The Copyright Act specifically states that moral rights last for the same term as the copyright in a work. So, moral rights endure for the life of the author plus fifty years from the calendar year end of the author’s death.  This term allows heirs to sue on behalf of a deceased author where it seems that a modification to a work resulted in prejudice to the author’s honour or reputation, or to protect any other of the moral rights.

Has Copyright Duration in Canada Recently Been Extended?

Effective 23 June 2015, Canada extended the protection of copyright in specific works only – in performances and sound recordings. The duration of copyright protection in performances and sound recordings is now 70 years after the release date of the sound recording. See Canada Extends Copyright Protection in Sound Recordings.

What is a Public Domain Work in Canada?

Once copyright has expired in a work, the work is said to be in the “public domain.”  The work is no longer protected by copyright and can be used freely, without obtaining permission from or compensating, the copyright owner.  For example, works of Mozart and Shakespeare are in the public domain and can be copied freely (provided the works are not adaptations).

In Canada, the duration of copyright cannot be extended or renewed.

Once copyright expires, moral rights also expire, and a work may be freely adapted and used without the author’s name on it. In some countries, moral rights are in perpetuity and exist even after copyright in a work expires.

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Canada Extends Duration of Copyright in Sound Recordings

Extension of copyright duration in CanadaCanada has now extended the protection of copyright in performances and sound recordings to 70 years after the release date of the sound recording. This new term is effective 23 June 2015. So pencil in on page 132 of Canadian Copyright Law, Fourth Edition,  the new duration for sound recordings: 70 years.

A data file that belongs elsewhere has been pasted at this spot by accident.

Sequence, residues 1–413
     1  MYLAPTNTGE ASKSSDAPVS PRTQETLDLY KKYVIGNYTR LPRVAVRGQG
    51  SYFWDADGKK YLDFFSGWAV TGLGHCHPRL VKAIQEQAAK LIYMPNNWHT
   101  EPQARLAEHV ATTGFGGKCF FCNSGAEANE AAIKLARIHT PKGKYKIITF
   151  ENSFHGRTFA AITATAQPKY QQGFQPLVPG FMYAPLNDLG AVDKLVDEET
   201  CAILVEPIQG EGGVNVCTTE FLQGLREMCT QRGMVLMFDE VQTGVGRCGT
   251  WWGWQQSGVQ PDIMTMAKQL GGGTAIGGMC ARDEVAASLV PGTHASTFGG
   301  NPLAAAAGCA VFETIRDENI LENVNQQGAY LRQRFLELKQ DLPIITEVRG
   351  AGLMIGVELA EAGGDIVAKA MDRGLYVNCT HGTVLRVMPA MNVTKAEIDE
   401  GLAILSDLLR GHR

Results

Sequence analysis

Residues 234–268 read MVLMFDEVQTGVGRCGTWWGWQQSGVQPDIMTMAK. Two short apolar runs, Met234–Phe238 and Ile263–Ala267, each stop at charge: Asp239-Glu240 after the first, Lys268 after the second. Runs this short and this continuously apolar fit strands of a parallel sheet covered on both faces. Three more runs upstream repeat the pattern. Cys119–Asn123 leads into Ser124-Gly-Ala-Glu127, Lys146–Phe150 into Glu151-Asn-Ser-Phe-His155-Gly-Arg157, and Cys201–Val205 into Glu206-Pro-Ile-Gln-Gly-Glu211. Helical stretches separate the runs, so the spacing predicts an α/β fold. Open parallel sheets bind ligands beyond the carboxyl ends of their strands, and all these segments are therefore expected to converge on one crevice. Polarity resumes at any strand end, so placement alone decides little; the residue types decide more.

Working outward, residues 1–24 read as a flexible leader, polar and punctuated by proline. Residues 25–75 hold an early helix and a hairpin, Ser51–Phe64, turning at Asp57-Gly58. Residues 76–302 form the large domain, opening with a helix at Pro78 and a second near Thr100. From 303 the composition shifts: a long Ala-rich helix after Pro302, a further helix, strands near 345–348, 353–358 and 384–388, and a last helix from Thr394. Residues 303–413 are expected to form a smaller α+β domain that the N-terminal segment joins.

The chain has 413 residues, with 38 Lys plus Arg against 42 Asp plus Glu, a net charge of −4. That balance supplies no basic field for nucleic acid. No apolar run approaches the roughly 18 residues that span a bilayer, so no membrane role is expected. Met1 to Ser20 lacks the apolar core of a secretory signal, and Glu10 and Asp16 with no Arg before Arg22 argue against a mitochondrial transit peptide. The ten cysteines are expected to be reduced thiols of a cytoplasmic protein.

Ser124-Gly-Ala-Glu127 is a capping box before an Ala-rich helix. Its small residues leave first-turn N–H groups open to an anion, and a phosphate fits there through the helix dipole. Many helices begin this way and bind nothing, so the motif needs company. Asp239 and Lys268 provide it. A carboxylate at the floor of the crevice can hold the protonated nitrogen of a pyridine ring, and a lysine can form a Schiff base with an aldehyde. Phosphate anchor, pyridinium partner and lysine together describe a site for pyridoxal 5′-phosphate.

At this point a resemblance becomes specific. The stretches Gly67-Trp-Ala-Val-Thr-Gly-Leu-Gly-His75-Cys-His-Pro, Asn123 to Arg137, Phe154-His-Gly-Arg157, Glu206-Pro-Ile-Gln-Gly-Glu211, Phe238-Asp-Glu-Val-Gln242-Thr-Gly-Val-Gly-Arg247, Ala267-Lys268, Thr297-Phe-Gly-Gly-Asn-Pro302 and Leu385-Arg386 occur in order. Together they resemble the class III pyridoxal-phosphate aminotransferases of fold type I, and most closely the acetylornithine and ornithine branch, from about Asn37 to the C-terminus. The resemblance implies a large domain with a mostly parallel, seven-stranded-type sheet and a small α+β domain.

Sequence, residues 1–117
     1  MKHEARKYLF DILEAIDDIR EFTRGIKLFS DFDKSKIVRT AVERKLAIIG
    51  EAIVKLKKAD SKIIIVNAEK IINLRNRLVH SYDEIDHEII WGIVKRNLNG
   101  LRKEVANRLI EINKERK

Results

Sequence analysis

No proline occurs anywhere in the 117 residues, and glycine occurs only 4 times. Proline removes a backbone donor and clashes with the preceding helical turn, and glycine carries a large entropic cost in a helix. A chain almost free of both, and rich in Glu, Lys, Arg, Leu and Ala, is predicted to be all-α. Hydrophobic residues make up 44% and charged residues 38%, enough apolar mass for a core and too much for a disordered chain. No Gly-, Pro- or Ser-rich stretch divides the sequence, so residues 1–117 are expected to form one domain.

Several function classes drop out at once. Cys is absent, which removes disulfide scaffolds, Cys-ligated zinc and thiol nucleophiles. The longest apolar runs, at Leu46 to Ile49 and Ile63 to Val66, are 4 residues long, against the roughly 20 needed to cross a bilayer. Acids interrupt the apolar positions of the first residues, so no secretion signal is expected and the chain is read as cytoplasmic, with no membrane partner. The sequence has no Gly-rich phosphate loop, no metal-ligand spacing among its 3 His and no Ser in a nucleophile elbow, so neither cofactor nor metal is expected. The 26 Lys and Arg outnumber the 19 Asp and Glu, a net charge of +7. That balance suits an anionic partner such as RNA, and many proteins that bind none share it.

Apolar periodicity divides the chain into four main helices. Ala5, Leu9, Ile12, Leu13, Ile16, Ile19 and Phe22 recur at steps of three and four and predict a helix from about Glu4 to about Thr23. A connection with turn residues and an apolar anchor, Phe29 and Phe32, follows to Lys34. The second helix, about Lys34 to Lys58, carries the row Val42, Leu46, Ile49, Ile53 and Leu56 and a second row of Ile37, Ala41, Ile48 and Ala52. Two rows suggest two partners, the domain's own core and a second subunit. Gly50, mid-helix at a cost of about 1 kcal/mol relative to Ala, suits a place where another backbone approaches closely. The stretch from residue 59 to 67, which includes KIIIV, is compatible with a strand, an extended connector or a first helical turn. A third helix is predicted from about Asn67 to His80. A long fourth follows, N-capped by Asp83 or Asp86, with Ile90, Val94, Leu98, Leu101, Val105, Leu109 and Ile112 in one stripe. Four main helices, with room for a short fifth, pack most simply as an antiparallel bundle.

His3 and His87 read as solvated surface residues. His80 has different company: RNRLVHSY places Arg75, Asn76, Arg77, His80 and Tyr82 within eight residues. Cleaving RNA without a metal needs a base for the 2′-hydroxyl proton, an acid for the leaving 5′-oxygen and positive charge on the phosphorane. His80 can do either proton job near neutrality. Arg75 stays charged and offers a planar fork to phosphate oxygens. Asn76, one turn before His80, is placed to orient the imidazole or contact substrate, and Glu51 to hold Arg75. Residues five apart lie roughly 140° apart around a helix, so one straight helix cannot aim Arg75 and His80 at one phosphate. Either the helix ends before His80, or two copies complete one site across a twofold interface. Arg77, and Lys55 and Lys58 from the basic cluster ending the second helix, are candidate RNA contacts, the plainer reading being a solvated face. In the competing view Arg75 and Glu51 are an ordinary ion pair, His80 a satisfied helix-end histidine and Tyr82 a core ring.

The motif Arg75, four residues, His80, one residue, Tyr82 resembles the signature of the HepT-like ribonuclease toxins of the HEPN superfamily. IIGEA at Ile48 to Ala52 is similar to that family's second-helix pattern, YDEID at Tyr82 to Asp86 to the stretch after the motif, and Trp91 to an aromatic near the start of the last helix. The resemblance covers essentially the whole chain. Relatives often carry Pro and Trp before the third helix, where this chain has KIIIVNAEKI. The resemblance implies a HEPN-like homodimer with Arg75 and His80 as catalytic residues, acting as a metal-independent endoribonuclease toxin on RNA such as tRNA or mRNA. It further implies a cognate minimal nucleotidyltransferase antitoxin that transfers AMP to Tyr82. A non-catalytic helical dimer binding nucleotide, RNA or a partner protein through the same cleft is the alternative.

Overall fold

Origin of Extension of Duration of Copyright in Canada

On 21 April 2015, the Canadian government released its Economic Action Plan 2015. Page 305 of the Plan deals with the protection of sound recordings and performances. The plan proposes to amend the Canadian Copyright Act and to extend the duration of copyright protection in Canada of performances and sound recordings from 50 years to 70 years after the release date of the sound recording. The stated purpose of this term extension is to ensure that performers and record labels are fairly compensated for the use of their music for an additional 20 years. The Plan states:

The mid-1960s were an exciting time in Canadian music, producing many iconic Canadian performers and recordings. While songwriters enjoy the benefits flowing from their copyright throughout their lives, some performers are starting to lose copyright protection for their early recordings and performances because copyright protection for song recordings and performances following the first release of the sound recording is currently provided for only 50 years.

Who Benefits from the Extension of Copyright?

In its press release, Music Canada mentioned that artists such as Leonard Cohen, Neil Young, Gordon Lightfoot, Joni Mitchell and Anne Murray would benefit from this term extension as their works would have otherwise been entering the public domain over the next five years. The press release quoted Gordon Lightfoot saying, “I’m still releasing albums but my fans love my older songs. Thanks to the federal government for the recent legislation. Its’ passage will make sure the sound doesn’t go down on my early songs.”

The extension of copyright protection in Canada is only for performers (singers and musicians) and record companies (or anyone who make sound recordings.) The duration of protection for books, paintings or computer software is not affected. However, the duration of copyright in these works is usually much longer than in sound recordings since the duration is based on the life of the author; the duration remains at 50 years after the author has died.